Aditya is from Houston, Texas, and interned for 5 summers with Shell and ExxonMobil as an undergraduate. His interest in biomolecular engineering was sparked by a desire to develop renewable liquid transportation fuel alternatives, and he remains excited to create new routes to chemicals from renewable sources using biocatalysis. During his post-doc, he became fascinated by the enormous potential of designer bacteria for biomedical applications. Whether for healthcare or sustainability goals, Aditya is most interested in taking functional group chemistries that are underrepresented in nature and designing routes to introduce them onto building block molecules. When outside of lab, Aditya enjoys CrossFit, building things in his woodshop, messing around on the alto sax, and playing board games.
In his laboratory at the University of Delaware, Dr. Kunjapur and his research group are designing innovative biomolecular technologies to address a variety of societal needs. He uses approaches from synthetic biology to investigate how microbes can use non-standard chemistry and unusual building blocks to generate products — including fuels, chemicals, materials, and therapeutics — that exhibit enhanced functionality.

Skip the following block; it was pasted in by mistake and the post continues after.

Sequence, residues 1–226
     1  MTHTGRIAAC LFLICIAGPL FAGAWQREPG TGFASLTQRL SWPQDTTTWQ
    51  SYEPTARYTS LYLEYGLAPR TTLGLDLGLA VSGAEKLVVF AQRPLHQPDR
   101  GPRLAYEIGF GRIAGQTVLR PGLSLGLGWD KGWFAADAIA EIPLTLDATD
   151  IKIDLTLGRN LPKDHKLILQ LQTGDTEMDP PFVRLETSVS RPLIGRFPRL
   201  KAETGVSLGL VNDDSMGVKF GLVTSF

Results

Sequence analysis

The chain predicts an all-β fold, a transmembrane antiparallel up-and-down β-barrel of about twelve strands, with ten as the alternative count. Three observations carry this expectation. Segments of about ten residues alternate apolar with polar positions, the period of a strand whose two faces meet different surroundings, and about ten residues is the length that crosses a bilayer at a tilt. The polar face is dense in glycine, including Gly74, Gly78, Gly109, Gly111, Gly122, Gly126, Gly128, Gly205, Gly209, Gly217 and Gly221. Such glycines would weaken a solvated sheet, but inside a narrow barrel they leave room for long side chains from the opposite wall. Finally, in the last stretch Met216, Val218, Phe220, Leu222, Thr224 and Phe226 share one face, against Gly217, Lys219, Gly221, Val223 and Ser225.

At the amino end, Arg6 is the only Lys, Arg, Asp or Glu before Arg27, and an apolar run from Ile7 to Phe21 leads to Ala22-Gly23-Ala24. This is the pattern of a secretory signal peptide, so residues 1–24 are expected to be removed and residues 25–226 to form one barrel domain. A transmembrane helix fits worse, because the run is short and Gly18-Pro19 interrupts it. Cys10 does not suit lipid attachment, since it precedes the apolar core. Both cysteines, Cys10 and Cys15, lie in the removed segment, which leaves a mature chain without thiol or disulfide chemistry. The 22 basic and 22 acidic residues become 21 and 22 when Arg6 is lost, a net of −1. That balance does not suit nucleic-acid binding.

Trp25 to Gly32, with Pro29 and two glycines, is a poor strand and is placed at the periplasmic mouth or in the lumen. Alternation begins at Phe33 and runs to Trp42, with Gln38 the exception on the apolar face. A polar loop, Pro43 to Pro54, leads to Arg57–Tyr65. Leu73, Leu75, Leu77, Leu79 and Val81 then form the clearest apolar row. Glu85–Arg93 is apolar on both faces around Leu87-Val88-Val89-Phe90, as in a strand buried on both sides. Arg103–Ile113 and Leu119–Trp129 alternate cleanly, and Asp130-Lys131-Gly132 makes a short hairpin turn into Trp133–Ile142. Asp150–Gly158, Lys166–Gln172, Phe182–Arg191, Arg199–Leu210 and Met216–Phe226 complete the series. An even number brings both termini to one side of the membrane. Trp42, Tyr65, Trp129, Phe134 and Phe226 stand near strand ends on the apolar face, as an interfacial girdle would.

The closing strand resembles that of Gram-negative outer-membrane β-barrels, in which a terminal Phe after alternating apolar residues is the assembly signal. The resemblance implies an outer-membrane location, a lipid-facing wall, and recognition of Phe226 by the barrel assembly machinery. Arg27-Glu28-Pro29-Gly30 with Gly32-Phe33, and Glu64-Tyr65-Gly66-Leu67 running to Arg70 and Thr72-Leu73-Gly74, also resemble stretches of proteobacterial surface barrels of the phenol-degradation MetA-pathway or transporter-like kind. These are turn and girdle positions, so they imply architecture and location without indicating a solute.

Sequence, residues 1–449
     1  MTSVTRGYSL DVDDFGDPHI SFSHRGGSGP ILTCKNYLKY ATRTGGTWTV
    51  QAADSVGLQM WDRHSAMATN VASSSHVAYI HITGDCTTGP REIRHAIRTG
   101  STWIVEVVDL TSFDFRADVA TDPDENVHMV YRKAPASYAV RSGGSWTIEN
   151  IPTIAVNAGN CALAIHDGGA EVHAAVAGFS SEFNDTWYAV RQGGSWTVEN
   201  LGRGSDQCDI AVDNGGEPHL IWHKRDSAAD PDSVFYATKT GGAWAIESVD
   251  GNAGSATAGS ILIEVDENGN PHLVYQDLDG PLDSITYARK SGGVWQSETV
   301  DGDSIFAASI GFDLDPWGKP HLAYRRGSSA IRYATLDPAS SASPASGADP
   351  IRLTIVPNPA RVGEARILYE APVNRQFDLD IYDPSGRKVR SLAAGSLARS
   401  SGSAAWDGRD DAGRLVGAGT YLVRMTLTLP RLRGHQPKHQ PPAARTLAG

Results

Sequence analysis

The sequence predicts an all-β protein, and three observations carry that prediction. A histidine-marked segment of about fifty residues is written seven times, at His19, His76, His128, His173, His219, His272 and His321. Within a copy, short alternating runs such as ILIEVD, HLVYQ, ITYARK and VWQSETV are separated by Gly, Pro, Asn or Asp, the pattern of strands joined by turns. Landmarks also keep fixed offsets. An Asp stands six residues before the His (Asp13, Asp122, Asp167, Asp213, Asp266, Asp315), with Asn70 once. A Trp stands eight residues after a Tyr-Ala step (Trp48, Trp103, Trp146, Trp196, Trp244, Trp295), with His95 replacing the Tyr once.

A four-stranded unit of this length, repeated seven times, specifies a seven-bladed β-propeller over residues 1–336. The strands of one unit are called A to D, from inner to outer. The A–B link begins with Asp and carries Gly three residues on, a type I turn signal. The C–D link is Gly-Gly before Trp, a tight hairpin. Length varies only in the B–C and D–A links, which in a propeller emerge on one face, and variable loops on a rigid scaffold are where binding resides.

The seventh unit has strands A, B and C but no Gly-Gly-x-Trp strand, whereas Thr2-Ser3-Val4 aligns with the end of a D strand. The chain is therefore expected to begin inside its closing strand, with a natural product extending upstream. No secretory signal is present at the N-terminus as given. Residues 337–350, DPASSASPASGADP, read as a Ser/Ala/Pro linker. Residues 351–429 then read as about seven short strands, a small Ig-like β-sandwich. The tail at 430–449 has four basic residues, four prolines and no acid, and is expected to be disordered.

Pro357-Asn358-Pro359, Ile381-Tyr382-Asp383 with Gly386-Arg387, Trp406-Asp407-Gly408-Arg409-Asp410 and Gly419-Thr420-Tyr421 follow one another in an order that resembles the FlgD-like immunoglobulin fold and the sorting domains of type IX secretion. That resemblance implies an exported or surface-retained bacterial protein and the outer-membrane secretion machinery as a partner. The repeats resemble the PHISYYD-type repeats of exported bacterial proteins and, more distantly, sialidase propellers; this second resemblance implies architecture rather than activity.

The goal of his lab is to use synthetic biology approaches to investigate how microbes can create and harness building blocks that do not commonly appear in nature to generate products that exhibit enhanced functionality. Products of interest include therapeutics, vaccines, chemicals, and materials.
Some questions that interest us are: What are useful chemical functional groups that we impart upon small molecules or within proteins using enzymatic catalysis, metabolic engineering, and genetic code expansion technologies? Will small molecules that contain unusual functional groups be orthogonal to endogenous cellular processes, will they be consumed by the cell, and/or will they be toxic? Will cells transport these molecules across cell membranes? How could we engineer cells to overcome potential challenges with orthogonality, toxicity, or transport? Advancements in synthetic biology, genome engineering, genetic code expansion, and natural products discovery allow our lab to investigate where we can push the boundaries of what is possible.
Kunjapur earned his BS at the University of Texas at Austin and his PhD at the Massachusetts Institute of Technology, both in chemical engineering. He performed post-doctoral research in genetics at Harvard Medical School.